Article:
ditch measures 2m wide and 0.4m deep and is broken by a 4m wide causeway at
the southern end. The northern bell barrow mound measures 21.5m in diameter
and stands up to 1.5m high. Surrounding the mound is a berm which has an
average width of 1.8m and a ditch which is 1.8m wide and 0.4m deep. The
southern length of ditch overlaps with the ditch of the northern bowl barrow.
The overall diameter of this barrow is 28.7m.
These barrows lie within a relict field system of contemporary date and a
boundary bank runs into the eastern edge of the oval ditch surrounding the
bowl barrows.

The site of the monument is shown on the attached map extract.
It includes a 2 metre boundary around the archaeological features,
considered to be essential for the monument's support and preservation.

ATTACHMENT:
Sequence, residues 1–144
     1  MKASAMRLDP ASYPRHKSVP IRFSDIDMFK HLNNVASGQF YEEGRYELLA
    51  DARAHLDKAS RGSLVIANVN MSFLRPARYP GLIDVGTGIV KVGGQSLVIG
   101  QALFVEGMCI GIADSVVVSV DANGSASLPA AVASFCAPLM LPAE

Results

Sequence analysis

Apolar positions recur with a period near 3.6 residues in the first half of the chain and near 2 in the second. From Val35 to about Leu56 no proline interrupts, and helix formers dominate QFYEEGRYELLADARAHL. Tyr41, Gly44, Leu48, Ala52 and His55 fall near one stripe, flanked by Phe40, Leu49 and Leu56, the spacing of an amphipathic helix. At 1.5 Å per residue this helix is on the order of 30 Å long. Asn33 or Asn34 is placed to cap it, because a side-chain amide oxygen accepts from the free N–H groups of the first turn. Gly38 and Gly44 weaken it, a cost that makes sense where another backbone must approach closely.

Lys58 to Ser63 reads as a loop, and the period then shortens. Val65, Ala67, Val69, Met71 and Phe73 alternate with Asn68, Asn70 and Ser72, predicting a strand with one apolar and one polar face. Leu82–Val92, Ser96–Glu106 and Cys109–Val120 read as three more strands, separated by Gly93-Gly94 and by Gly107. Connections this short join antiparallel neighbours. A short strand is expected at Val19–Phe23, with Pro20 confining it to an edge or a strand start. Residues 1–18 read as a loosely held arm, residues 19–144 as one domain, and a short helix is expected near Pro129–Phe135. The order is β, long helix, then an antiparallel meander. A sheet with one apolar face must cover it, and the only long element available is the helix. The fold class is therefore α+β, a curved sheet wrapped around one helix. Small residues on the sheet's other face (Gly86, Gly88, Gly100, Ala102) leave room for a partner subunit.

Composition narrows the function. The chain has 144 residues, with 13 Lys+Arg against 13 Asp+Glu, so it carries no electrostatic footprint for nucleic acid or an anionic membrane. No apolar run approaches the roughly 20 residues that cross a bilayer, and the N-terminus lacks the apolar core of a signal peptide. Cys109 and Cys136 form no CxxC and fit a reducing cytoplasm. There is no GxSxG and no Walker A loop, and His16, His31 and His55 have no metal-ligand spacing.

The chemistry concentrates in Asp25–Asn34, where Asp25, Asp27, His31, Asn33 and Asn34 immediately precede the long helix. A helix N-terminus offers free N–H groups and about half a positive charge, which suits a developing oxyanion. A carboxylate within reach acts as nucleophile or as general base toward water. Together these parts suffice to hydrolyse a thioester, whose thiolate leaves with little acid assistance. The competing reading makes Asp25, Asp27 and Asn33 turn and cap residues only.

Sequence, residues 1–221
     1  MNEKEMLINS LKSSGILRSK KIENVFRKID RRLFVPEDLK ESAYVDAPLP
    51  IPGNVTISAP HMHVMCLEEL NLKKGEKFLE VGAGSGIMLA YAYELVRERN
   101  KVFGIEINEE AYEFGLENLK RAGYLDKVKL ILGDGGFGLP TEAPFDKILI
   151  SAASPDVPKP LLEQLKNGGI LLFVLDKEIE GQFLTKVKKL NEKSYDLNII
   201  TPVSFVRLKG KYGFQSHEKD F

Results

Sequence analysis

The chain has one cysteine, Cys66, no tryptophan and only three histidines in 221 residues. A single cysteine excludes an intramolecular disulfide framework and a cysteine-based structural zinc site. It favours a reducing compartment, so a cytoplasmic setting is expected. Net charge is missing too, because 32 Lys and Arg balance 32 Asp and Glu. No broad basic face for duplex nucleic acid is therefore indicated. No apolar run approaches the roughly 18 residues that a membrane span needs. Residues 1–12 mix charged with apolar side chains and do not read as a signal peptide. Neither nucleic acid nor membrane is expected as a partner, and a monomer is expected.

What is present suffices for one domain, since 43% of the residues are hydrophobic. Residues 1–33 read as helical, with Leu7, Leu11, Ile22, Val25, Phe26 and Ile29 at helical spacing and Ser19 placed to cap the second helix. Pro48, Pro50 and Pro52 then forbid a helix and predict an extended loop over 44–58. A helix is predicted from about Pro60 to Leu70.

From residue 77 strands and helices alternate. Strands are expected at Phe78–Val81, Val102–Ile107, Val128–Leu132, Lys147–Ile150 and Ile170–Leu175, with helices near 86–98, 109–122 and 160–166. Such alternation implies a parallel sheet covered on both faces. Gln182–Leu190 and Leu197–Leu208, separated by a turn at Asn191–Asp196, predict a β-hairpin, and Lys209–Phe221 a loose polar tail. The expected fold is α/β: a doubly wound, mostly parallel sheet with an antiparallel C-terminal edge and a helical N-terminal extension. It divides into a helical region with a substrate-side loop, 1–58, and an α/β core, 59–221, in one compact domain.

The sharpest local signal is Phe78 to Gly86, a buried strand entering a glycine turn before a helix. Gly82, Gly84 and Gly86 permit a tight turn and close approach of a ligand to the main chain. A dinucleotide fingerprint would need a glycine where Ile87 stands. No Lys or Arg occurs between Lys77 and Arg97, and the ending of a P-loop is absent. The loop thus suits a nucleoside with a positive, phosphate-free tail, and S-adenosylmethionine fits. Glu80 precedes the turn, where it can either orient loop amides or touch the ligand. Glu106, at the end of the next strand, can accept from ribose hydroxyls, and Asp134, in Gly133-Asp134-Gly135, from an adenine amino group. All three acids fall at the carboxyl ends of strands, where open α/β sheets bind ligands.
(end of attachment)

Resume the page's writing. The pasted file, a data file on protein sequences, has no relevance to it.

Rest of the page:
Source: Historic England

Reasons for Scheduling

Bell barrows, the most visually impressive form of round barrow, are funerary
monuments dating to the Early and Middle Bronze Age, with most examples
belonging to the period 1500-1100 BC. They occur either in isolation or in
round barrow cemeteries and were constructed as single or multiple mounds
covering burials, often in pits, and surrounded by an enclosure ditch. The
burials are frequently accompanied by weapons, personal ornaments and pottery
and appear to be those of aristocratic individuals, usually men. Bell barrows
(particularly multiple barrows) are rare nationally, with less than 250 known
examples, most of which are in Wessex. Their richness in terms of grave goods
provides evidence for chronological and cultural links amongst early
prehistoric communities over most of southern and eastern England as well as
providing an insight into their beliefs and social organisation. As a
particularly rare form of round barrow, all identified bell barrows would
normally be considered to be of national importance.

In addition to the bell barrows, the monument includes two bowl barrows.
These are the most numerous form of round barrow; they are funerary monuments
dating from the late Neolithic period to the late Bronze Age, with most
examples belonging to the period 2400 - 1500 bc. They were constructed as